How to improve and adapt math teaching to the digital age’s prerequisites was generally described in part 1 including Dan Meyer’s excellent TedTalk and a scene from the TV-series Numbers. In this 2nd part one of the general developments in the digital era and its connection with the rethinking math perspective will be analysed. This story also can be seen as the fifth part of our series of articles about school digitalization.
Authentic Learning Models
Authentic learning is applicable in many fields of education and basically can be described as to transform real life experiences into learning scenarios. Such method is intended to increase student-engagement since a majority of all learners actually is not that interested in a theory in itself, but instead what you actually can do with it. In addition, authentic learning not only improves knowledge since it also train skills and are thereby more hands-on to prepare students for a future career. One of the most obvious fields of traditional education that is a natural part in authentic learning models is Mathematics.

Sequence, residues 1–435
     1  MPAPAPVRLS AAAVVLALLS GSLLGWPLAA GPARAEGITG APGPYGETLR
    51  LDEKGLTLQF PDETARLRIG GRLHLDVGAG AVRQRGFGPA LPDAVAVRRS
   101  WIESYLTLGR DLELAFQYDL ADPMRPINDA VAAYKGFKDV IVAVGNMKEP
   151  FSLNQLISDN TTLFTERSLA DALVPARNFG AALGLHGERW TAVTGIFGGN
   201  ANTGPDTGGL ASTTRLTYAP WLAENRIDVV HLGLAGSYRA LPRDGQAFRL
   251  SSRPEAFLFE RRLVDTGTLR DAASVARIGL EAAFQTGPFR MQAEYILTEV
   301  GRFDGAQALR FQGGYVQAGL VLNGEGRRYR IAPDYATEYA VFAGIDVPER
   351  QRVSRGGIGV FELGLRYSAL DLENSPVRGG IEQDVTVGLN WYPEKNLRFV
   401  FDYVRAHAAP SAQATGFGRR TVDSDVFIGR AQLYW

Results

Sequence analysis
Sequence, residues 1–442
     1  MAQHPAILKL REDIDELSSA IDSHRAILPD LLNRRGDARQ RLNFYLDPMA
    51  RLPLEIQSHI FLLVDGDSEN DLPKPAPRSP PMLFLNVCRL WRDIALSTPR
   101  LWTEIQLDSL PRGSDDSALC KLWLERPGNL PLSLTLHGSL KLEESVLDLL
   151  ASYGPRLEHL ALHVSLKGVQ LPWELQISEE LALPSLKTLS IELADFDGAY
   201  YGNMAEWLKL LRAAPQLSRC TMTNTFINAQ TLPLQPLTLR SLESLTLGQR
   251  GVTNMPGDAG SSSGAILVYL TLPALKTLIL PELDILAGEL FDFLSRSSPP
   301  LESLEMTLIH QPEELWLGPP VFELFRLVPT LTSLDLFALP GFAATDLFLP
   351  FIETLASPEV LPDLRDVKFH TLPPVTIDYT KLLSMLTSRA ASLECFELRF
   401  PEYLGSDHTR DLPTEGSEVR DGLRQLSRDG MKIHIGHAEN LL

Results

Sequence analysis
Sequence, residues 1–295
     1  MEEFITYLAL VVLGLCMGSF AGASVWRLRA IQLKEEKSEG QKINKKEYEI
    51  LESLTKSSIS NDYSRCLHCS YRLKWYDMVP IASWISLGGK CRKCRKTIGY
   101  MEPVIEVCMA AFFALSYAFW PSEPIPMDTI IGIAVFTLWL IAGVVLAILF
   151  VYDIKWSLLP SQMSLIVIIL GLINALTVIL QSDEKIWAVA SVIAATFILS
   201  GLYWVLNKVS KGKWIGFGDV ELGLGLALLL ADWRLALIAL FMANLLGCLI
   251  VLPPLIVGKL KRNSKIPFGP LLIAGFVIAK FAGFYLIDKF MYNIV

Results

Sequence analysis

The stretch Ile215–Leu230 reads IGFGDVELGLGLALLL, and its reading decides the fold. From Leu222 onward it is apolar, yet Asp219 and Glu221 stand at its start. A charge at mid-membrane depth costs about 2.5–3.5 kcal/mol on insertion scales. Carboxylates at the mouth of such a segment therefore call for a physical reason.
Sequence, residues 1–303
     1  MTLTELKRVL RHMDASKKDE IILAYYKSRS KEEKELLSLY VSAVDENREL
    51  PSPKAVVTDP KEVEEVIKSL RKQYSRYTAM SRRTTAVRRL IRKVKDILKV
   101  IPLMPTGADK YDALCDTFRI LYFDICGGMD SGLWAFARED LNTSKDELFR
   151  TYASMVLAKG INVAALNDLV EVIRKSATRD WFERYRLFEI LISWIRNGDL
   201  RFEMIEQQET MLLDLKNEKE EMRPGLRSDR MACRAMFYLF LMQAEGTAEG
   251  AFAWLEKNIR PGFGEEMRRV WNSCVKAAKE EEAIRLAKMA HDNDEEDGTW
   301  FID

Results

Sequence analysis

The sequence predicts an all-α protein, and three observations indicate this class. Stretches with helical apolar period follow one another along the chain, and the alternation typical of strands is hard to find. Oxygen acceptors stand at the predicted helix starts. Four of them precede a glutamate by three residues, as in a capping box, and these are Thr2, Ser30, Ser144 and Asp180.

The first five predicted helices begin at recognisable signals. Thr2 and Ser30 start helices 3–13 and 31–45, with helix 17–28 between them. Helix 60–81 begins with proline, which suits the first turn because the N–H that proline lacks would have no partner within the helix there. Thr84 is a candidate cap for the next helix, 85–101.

Project-based learning and calculation
There are many models of authentic learning, but here we will focus on one way of bringing the real world into the classroom, namely 3D printing.
The goal is to create a working application. The method is to come up with an idea, make up a plan to execute it, calculate the measures of the product carefully, include the calculated numbers/measures into the 3D printer and get the result. Did it comprehend with project-idea and –plan? Did it actually work? If not what went wrong? Where in the calculation are the errors? More ideas of authentic learning and mathematics will be presented in part 3.
Bringing Museum Artefact to the classroom
According to the Horizon Report 3D printing will be a teaching-tool that will be integrated in many classrooms the coming years. The Greek company Museotechniki has acknowledged this development with its award-winning project: Museofabber (www.museofabber.com). The project aims to open up museums to make it possible for schools to print 3D-artefacts of historical objects from their collections. This is a very interesting hands-on-service, which also could be useful for other fields of education than History, like Math in terms of geometry and age calculations etc.
More info and presentation of 3D-printing